COLUMBIA - After a winding and contentious road, the case against House Speaker Bobby Harrell is essentially back where it started.
Only this time, it largely could play out behind closed doors.
Harrell, R-Charleston, was handed a defeat last week when the S.C. Supreme Court unanimously ruled that Attorney General Alan Wilson has the authority to move forward with a long-running ethics-related investigation into the speaker. Harrell, who said the case should have been vetted by a House panel first, has been accused of using his campaign funds for personal use and his position for personal benefit.
The case has been far from ordinary and highly publicized. The attorney general and speaker have publicly feuded as Harrell has said that the facts will exonerate him. He also has accused Wilson of pursuing the case for political gain.
Wilson, the state's top prosecutor, has pointed to a 10-month state police investigation and emphasized that all he is seeking to do is investigate the allegations.
Asked for comment, Harrell referred back to his statement on Thursday's Supreme Court decision. He said then, in part: "Clearly the Attorney General's motivations have been corrupted by political motives and that is why he needs to be replaced with a fair and impartial prosecutor." Wilson's office declined to comment.
The issue of whether Wilson should be allowed to remain on the case is expected to be decided by Circuit Judge Casey Manning. Manning is expected to receive the case in two or three weeks.
The case's newest twist may also change that public dynamic: the state Supreme Court's order that suggests further court proceedings should be held out of the public eye. While experts say that could allow Manning to review secret grand jury evidence against Harrell - and thus determine whether Wilson's investigation has merit - some worry that a secretive process could open the door for speculation when a result is announced, keeping the public in the dark about how and why decisions are made.
Harrell's attorneys initially had sought to disqualify Wilson because they believe he has a conflict of interest in the case. Judge Manning ruled that could not be considered because Harrell's alleged ethics violations should first be vetted by the House Ethics Committee, a decision that was overturned by the S.C. Supreme Court.
Manning allowed the initial hearing to be heard publicly, something former attorney general Charlie Condon said was good for the process. The more the public knows about its court system and public officials the better, he said.
"I don't think that's wise public policy at all," Condon said of a secret hearing.
Ashley Landess, president of the small government advocacy group S.C. Policy Council, said there is no reason to hold further hearings in secret. "There is a real danger in allowing that to happen in secret considering the already disturbing nature of this process so far," she said. Landess' group has raised many of the allegations against Harrell and pushed Wilson to take the case.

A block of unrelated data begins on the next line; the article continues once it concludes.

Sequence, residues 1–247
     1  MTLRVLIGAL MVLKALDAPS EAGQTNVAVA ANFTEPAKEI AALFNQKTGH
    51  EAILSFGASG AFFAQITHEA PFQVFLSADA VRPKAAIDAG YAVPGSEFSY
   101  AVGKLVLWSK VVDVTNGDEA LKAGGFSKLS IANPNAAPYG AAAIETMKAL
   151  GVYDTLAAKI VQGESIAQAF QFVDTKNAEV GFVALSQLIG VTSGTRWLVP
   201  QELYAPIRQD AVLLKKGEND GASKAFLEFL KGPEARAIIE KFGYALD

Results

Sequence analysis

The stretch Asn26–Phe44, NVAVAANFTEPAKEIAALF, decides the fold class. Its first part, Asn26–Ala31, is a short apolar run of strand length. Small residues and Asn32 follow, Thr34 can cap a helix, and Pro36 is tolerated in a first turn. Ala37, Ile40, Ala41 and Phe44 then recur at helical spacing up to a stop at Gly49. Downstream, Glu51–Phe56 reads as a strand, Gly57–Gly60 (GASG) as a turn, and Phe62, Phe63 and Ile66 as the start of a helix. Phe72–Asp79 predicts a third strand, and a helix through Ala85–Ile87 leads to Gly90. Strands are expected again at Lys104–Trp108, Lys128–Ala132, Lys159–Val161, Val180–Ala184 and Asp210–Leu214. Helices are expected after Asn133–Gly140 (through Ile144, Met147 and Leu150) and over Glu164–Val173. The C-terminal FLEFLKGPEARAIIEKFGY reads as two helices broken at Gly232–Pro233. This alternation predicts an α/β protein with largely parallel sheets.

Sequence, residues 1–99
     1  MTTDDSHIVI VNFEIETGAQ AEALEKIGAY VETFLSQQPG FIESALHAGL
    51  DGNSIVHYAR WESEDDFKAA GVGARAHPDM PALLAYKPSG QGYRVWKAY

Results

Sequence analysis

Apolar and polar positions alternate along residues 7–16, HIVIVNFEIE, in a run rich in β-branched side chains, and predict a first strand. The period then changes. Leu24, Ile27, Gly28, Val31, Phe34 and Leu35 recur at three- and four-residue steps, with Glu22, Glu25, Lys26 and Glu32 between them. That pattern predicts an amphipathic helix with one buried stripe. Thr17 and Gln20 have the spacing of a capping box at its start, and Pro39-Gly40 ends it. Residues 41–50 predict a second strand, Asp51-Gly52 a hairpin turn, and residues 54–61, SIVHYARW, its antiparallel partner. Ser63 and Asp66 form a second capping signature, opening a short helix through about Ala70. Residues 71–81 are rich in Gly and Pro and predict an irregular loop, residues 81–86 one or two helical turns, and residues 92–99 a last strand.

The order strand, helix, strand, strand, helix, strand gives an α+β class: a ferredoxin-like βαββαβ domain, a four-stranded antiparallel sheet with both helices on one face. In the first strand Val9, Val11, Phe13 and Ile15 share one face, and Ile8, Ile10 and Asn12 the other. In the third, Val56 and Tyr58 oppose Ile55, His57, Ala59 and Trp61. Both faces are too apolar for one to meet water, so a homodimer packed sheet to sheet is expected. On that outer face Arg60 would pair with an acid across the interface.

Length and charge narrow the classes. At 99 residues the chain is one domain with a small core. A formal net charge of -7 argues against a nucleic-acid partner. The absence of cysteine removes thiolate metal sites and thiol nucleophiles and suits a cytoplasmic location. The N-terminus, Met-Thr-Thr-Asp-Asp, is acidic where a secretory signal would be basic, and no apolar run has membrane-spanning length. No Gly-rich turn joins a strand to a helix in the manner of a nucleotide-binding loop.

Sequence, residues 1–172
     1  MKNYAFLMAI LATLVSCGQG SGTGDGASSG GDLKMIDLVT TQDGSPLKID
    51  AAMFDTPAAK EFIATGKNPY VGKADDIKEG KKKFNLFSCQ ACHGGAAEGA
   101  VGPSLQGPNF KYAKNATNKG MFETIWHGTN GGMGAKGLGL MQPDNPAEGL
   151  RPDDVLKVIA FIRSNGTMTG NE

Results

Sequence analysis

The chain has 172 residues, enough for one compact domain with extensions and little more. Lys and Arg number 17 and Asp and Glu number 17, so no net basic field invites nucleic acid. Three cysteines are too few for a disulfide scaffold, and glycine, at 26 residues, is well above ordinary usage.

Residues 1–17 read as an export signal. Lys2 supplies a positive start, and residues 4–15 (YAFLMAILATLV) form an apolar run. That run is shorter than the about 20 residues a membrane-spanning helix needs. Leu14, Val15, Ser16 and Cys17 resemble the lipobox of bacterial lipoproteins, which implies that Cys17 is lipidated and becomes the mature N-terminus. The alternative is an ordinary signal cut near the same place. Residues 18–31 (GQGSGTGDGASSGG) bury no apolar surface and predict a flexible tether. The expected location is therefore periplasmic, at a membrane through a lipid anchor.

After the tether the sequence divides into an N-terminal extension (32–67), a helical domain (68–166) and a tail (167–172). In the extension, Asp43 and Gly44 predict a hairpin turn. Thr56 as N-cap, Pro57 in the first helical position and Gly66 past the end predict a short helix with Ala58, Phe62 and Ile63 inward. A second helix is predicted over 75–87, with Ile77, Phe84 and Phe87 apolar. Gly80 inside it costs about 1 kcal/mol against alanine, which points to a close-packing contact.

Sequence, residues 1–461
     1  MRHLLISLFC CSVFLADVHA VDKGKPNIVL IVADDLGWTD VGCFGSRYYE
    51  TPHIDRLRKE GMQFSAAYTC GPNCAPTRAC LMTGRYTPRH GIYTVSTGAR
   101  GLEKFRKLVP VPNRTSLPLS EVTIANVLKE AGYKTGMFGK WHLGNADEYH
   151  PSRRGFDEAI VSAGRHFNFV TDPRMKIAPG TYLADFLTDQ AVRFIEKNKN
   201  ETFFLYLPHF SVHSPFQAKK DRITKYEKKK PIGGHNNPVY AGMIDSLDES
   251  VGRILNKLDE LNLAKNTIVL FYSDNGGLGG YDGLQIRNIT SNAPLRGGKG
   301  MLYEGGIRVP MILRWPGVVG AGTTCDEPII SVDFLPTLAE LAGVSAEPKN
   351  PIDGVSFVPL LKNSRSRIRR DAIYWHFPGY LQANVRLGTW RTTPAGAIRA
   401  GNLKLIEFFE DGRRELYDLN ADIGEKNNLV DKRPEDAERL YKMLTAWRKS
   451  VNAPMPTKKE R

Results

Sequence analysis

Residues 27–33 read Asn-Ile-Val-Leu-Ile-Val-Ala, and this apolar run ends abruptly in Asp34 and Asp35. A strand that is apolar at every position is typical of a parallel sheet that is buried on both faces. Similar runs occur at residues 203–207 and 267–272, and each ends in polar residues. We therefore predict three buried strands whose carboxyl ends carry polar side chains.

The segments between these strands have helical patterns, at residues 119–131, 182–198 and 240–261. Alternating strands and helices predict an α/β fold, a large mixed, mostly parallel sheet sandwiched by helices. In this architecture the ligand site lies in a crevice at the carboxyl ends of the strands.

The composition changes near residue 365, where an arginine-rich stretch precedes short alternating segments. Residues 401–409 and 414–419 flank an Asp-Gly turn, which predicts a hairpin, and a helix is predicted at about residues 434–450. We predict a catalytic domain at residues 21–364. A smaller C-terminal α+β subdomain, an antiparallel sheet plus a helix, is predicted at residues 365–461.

Media attorney Jay Bender has said that it's unlikely the press and open government groups will be able to fight the Supreme Court's opinion on secrecy.
The media and other court watchers were given a preview in March of the primary issue that Manning is expected to decide - Wilson's alleged conflict of interest in the case, the initial reason the case went to court. During that hearing, just two people testified: Wilson and Harrell chief of staff Brad Wright.
Wright and Wilson had met in April 2013 to discuss a piece of legislation the attorney general was interested in. Wright testified that he was asked to convey to Harrell that Wilson had friends with "deep pockets" if legislation the attorney general wanted didn't move forward. Harrell, who knew he was being investigated at the time, said to reporters after the hearing that an "olive branch" had been offered.
Harrell's detractors say the evidence is thin. John Crangle, director of the advocacy group Common Cause, has been critical of Harrell and said the speaker should negotiate a plea deal. "He can't continue this thing any further," Crangle said. "He's up to his ears in trouble."
Harrell attorney Bart Daniel disagreed. "We're confident that when all the facts and evidence are laid out," he said, "Bobby Harrell will be exonerated."
Landess said no one is guaranteed an impartial prosecutor. "(Harrell) is entitled to an impartial judge and jury. He is not entitled to an impartial prosecutor. He is our advocate and he is supposed to advocate for us. I hope this time Judge Manning gets it right."
Harrell has vowed to fight the allegations until the end. In a March interview, he said he hoped all the facts can be laid on the table.
"It is incredibly important to me to make sure everybody knows that my family's reputation that has been earned over generations should be as good as it's always been," he said.
Reach Jeremy Borden at 708-5837.
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